“I do not know two types of socialism, in which one is reformist and the other is revolutionary,” argued Léon Blum, centrist spokesman for the French Socialist party at the congress of Tours in December 1920. “I know only one socialism,” he insisted, “revolutionary socialism” (Kriegel 1964b, 118). But this Jaurèsian syncretism, of which Blum was the inheritor, now fell on deaf ears. It was, in fact, “The Hour of Choice,” as the right-wing Pierre Renaudel had titled an article in Humanité: “Between Lenin … and Jaurès,” he wrote, “it is necessary to choose.” By 3,208 votes against 1,022, the party chose Lenin. The Parti Communiste Français (PCF) was born.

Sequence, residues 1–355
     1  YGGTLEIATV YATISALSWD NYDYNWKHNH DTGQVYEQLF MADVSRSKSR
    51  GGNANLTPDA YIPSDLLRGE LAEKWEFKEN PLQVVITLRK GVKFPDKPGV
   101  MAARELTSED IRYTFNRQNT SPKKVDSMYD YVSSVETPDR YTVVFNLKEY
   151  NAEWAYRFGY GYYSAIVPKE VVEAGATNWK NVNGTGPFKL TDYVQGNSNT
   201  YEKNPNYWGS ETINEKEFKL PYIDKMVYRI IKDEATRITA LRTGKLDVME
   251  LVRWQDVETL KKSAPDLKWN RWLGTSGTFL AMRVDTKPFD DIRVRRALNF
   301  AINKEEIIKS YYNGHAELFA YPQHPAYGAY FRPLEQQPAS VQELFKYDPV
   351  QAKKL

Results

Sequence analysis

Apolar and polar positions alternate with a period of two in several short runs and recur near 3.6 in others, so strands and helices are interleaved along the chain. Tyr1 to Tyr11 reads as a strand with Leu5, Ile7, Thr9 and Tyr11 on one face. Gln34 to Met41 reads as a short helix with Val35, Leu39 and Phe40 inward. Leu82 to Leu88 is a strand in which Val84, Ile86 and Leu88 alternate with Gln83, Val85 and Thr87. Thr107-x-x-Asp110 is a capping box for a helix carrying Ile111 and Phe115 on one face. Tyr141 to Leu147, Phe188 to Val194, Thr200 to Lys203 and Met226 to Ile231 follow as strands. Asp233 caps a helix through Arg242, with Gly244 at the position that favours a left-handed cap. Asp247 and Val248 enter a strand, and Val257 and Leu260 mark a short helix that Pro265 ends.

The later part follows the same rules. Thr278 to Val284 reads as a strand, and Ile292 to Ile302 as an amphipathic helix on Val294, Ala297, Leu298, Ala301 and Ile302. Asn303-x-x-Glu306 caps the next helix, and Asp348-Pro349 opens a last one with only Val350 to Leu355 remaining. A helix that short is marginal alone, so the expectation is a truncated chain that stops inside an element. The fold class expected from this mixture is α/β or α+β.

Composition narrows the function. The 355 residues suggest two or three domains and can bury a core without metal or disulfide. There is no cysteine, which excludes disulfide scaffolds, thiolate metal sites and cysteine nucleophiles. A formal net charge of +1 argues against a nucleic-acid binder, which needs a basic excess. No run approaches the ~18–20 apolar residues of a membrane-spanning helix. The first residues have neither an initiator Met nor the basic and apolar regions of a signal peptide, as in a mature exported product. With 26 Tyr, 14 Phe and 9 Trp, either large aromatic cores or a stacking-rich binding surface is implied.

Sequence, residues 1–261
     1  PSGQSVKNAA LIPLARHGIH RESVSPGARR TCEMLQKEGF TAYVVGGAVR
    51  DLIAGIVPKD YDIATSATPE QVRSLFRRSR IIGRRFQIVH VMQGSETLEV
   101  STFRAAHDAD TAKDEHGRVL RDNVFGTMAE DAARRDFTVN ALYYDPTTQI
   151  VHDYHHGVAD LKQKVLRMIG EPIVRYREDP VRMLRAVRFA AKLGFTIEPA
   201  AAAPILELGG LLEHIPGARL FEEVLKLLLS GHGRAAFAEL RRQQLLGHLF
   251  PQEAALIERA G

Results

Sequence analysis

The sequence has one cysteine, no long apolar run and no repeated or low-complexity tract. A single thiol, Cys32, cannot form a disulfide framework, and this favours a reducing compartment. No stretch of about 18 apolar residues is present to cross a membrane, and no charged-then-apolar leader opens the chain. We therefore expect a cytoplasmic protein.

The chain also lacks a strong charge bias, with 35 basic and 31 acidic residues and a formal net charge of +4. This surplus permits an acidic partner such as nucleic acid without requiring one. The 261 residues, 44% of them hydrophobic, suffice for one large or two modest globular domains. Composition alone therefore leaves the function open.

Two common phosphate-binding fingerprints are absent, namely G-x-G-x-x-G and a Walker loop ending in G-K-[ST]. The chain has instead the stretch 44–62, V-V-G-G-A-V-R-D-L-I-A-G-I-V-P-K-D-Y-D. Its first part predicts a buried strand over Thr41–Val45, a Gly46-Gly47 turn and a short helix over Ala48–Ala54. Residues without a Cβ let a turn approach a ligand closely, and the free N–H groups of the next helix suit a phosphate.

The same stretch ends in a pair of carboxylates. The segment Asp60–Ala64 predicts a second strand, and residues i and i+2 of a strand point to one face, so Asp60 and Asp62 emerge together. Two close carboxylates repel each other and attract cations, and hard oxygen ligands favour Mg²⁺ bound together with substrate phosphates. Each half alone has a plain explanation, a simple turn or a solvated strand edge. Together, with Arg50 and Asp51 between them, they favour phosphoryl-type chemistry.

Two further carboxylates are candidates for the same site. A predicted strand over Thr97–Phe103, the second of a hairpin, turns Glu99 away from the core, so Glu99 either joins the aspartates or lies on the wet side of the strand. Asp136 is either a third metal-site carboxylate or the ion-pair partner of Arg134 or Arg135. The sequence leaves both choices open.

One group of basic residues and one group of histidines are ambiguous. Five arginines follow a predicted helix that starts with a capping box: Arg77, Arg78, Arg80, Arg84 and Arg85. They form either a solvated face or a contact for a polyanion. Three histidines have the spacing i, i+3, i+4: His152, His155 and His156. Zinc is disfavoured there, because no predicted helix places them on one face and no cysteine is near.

The schism of the French labor movement that occurred in 1920–1 can be described in terms of two interdependent dynamics. The first was the breakdown of the balanced dualism that had previously supported broad-based solidarity in the labor movement. Chapter 9 has already shown that the institutional balance provided by the bourses du travail was being undermined by the attempts to routinize union organization. This routinization had encouraged a consolidation of sectoral industrial unionism and a centralization of strike control in the hands of these national unions. Political mobilization also became a more attractive option for these industrial federations, reopening the thorny question of the relative autonomy of party and union. Both developments tended to marginalize the bourses as institutions that could provide an effective cross-cutting balance against sectoral union federations or against partisan conflict.